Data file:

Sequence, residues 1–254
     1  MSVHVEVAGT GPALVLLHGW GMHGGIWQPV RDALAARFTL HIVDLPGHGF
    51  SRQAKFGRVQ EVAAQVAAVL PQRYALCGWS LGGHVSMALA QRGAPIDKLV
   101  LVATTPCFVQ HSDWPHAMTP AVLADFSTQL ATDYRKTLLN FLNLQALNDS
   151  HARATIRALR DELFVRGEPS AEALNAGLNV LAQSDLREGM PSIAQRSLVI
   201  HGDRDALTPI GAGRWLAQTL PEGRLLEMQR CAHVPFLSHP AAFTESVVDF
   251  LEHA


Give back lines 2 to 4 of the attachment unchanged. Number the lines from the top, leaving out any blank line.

     1  MSVHVEVAGT GPALVLLHGW GMHGGIWQPV RDALAARFTL HIVDLPGHGF
    51  SRQAKFGRVQ EVAAQVAAVL PQRYALCGWS LGGHVSMALA QRGAPIDKLV
   101  LVATTPCFVQ HSDWPHAMTP AVLADFSTQL ATDYRKTLLN FLNLQALNDS